>Test do not cover all the sourcecode by themselves, but together they
                                    >do?
                                    >
                                    >
                                    Yes, except when I take a shortcut and regret it later. My concern is
                                    not with cover, but with driving the design with the right amount of
                                    focus - I don't want to carry too much in my head at once. It's got the
                                    same quality for me whether I'm driving from storytests or unit tests
                                    that I've written. It's slightly different, somehow, when I'm developing
                                    from storytests that someone else has written.

                                    Cheers, Rick


                                    [Non-text portions of this message have been removed]
                                  • Dadi Ingolfsson
                                    Nice piece, Jim! I have some questions though: This method you use to structure your specifications/tests, as in parse.html in the Fit library, does it not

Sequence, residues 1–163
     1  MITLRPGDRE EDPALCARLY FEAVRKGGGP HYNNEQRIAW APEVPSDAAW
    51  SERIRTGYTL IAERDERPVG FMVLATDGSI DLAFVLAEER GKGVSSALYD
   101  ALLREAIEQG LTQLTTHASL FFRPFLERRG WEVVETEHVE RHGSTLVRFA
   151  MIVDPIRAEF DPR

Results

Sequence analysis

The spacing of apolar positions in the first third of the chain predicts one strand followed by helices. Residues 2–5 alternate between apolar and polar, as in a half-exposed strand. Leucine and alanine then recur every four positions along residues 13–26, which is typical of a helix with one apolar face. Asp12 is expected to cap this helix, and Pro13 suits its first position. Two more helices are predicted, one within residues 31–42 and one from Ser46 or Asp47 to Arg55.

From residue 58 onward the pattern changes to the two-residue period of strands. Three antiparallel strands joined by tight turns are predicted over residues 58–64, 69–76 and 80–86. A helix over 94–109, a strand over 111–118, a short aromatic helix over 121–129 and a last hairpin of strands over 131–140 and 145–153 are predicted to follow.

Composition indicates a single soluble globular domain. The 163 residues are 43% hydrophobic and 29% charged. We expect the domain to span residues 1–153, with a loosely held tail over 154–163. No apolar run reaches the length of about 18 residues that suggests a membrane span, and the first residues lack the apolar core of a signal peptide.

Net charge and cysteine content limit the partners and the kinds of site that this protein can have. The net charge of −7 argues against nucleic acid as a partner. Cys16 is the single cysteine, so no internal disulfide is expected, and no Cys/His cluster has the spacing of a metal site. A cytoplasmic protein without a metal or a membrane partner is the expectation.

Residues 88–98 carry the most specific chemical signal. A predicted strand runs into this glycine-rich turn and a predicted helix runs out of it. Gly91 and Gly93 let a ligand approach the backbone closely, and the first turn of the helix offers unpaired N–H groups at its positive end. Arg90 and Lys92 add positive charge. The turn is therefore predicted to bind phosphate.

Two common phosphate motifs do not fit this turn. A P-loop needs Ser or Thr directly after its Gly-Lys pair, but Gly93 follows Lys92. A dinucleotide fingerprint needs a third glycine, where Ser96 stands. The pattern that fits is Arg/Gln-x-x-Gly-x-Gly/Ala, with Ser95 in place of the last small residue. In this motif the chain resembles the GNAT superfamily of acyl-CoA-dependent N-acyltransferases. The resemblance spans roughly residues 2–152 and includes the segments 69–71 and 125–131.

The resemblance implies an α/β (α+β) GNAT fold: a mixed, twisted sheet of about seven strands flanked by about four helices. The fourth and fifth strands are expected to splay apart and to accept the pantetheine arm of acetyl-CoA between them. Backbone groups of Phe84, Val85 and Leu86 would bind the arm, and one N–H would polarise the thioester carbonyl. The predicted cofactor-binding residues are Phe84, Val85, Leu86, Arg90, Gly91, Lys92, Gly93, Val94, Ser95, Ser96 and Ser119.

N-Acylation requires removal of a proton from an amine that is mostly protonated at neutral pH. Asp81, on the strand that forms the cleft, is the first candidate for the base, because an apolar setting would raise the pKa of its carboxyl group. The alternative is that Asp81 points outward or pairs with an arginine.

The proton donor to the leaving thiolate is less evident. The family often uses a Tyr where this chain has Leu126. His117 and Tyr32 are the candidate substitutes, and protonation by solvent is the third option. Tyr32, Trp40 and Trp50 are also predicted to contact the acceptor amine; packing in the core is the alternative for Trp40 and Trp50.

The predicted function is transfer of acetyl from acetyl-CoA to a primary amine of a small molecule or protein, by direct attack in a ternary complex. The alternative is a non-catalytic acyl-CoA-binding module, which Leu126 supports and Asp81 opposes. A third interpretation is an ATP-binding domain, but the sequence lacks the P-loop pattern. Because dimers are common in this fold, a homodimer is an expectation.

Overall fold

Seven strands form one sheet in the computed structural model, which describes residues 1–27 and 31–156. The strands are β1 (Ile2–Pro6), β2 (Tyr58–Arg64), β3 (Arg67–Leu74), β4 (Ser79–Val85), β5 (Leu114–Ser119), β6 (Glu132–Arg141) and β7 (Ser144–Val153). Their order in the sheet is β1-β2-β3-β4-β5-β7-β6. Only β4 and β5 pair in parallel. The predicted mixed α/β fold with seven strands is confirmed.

Message 17 of 18 , Dec 1, 2005
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                                      Nice piece, Jim! I have some questions though:

                                      This method you use to structure your specifications/tests, as in parse.html
                                      in the Fit library, does it not feel a little bit cluttered and complex?
                                      What I mean is, I would have thought that you would put the HTML parsing
                                      tests into a test suite, like in FitNesse, and then have a test in there for
                                      each of the cases? So you´d have:

                                      SuiteParsing
                                      TestGoodHtmlParsing
                                      TestOtherHtml
                                      TestWhitespaceIsPreserved
                                      TestComplicatedTables